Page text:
Sorry! This site requires JavaScript. Virtually nothing will work without it. Please enable it in your browser.

Traveller's History of Bath (Travellers Histories)

Any time spent in Bath is a pleasure. The historic city buzzes with vitality and its accolade as one of UNESCO's World Heritage Sites is confirmed by the annual arrival of some four million visitors from Britain and all over the world. Whereas most accounts of Bath's history focus on the Roman and Georgian periods, skipping over much of the rest, this Traveller's History offers a chronological survey of the entire span of Bath's existence, supplemented by lively accounts of several of its many delights - its food, its fashions, its theatrical and artistic heritage, its music and its memorials. Almost two-thirds of the city centre is a conservation area, the largest in Britain. Some six thousand of Bath's buildings are 'listed' as structures of historical or architectural significance. One in six of the city's houses was built before 1850, almost half before the twentieth century. The city's highlights include not only the Roman baths, the elegant Pump Room and the majestic abbey, its historic theatre, two major art galleries and half a dozen museums but also one of only four bridges in the world with shops on both sides and Britain's last remaining Georgian pleasure gardens. With the opening of Sir Nicholas Grimshaw's striking new Thermae Spa complex Bath entered the twenty-first century by reasserting its original identity as a uniquely therapeutic location. This highly readable guide is all a visitor will need, it covers all attractions and suggests walking tours easily achievable in a short visit plus an entertaining picture of the many famous, eccentric and talented people who made their mark upon the city.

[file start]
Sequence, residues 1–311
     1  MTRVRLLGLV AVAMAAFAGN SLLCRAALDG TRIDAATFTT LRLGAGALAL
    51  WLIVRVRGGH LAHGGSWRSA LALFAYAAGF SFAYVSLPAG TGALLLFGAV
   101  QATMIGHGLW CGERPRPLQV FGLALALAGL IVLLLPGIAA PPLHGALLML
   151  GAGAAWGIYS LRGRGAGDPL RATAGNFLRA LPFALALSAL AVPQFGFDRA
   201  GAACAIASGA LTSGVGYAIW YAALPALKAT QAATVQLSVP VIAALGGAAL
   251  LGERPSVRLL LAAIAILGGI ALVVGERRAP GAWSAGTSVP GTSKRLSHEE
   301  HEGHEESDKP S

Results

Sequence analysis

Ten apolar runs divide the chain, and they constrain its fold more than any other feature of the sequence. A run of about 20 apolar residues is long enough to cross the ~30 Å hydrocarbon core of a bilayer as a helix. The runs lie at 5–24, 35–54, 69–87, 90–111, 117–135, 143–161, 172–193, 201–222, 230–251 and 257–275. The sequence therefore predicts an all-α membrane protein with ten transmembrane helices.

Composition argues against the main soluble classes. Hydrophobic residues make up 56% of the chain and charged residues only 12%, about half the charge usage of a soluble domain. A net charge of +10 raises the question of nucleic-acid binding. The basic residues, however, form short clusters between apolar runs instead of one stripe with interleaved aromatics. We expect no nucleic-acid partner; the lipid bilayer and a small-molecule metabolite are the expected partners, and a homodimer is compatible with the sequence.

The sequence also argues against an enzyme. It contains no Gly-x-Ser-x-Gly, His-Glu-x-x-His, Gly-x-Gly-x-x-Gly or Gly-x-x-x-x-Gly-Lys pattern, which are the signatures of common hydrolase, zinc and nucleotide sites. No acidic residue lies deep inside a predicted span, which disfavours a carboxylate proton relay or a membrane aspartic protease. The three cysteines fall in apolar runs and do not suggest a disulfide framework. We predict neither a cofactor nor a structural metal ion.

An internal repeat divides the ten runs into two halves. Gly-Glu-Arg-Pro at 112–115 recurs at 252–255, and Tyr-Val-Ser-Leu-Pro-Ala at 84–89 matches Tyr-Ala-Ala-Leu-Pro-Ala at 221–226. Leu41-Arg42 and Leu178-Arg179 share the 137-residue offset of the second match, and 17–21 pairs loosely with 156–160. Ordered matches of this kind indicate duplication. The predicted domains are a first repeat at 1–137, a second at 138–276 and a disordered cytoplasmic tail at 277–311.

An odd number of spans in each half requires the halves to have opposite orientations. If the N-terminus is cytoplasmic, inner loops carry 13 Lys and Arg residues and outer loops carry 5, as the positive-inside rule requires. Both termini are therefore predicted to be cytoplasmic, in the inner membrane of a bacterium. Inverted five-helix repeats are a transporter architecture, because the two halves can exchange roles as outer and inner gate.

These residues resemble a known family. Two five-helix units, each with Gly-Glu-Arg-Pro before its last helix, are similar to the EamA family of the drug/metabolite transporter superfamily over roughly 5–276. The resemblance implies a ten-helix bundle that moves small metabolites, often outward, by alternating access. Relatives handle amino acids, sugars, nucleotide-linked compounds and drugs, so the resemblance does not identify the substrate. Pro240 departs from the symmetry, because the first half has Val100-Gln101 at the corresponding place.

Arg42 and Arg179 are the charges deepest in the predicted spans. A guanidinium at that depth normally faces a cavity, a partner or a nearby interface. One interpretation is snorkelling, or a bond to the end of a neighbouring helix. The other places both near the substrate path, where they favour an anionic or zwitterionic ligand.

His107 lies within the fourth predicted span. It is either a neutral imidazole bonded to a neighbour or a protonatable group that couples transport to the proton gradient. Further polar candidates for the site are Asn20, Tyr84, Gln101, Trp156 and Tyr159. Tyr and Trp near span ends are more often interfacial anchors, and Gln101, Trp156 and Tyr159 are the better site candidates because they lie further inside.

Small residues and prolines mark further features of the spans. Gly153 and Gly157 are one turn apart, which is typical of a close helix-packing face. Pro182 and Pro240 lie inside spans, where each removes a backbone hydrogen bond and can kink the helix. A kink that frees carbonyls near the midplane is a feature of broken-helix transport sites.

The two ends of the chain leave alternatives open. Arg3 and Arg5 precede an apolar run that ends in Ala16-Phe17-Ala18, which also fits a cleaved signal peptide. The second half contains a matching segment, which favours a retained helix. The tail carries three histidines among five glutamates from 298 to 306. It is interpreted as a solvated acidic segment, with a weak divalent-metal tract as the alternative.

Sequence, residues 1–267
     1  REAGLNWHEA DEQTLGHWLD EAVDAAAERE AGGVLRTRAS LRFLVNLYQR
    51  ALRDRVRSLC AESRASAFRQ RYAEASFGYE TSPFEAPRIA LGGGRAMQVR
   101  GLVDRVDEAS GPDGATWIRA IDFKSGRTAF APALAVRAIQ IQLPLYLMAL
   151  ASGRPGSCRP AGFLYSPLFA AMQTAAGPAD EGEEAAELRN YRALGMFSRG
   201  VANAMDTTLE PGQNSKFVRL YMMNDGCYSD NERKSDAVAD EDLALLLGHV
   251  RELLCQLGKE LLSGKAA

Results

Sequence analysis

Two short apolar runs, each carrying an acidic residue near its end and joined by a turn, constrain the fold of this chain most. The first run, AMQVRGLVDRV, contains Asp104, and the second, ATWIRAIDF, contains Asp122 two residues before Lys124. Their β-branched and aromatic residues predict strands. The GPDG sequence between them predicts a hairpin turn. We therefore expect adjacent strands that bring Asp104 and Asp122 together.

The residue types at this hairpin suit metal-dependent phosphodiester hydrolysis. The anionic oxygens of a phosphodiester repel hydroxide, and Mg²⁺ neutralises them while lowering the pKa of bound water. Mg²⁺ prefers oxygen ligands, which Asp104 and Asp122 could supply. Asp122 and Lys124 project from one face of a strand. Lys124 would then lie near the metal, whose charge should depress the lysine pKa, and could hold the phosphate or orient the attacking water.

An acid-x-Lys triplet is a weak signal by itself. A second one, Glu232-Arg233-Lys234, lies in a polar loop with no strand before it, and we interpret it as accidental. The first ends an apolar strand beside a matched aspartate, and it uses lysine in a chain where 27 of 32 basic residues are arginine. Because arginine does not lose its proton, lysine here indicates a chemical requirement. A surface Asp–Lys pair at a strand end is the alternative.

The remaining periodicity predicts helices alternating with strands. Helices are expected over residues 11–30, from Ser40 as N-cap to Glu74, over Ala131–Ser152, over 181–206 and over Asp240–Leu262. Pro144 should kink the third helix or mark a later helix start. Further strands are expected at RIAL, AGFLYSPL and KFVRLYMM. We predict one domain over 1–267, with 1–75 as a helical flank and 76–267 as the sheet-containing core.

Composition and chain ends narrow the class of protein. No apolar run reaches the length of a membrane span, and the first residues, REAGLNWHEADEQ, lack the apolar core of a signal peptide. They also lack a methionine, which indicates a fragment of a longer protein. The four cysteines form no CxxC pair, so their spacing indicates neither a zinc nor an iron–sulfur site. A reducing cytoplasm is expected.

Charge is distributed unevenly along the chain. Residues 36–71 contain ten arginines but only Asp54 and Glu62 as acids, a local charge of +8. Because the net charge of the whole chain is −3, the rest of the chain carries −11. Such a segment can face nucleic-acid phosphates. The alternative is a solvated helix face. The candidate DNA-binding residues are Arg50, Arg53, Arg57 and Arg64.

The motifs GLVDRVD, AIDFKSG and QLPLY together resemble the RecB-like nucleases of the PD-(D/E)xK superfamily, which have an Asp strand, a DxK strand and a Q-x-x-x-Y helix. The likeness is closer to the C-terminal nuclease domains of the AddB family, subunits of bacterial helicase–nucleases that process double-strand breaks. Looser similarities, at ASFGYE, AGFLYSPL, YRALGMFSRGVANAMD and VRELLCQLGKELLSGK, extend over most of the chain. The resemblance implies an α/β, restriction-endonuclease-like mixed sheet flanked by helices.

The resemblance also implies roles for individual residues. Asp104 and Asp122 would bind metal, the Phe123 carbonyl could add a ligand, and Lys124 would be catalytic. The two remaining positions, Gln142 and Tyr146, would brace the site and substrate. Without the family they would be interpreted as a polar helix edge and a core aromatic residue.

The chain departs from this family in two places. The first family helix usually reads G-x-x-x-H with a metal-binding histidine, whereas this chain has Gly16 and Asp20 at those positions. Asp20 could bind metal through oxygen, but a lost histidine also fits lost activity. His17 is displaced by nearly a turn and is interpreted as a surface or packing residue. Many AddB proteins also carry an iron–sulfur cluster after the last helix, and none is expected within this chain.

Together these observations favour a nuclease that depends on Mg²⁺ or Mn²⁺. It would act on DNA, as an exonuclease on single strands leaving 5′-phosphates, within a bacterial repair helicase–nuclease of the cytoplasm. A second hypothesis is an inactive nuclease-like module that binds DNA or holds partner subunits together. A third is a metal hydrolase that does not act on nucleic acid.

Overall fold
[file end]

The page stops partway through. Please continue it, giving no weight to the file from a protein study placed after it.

Important places

Bath (199)


Bath and North East Somerset (205)


United Kingdom (21,421)

Other geographical areas

South West (2,602)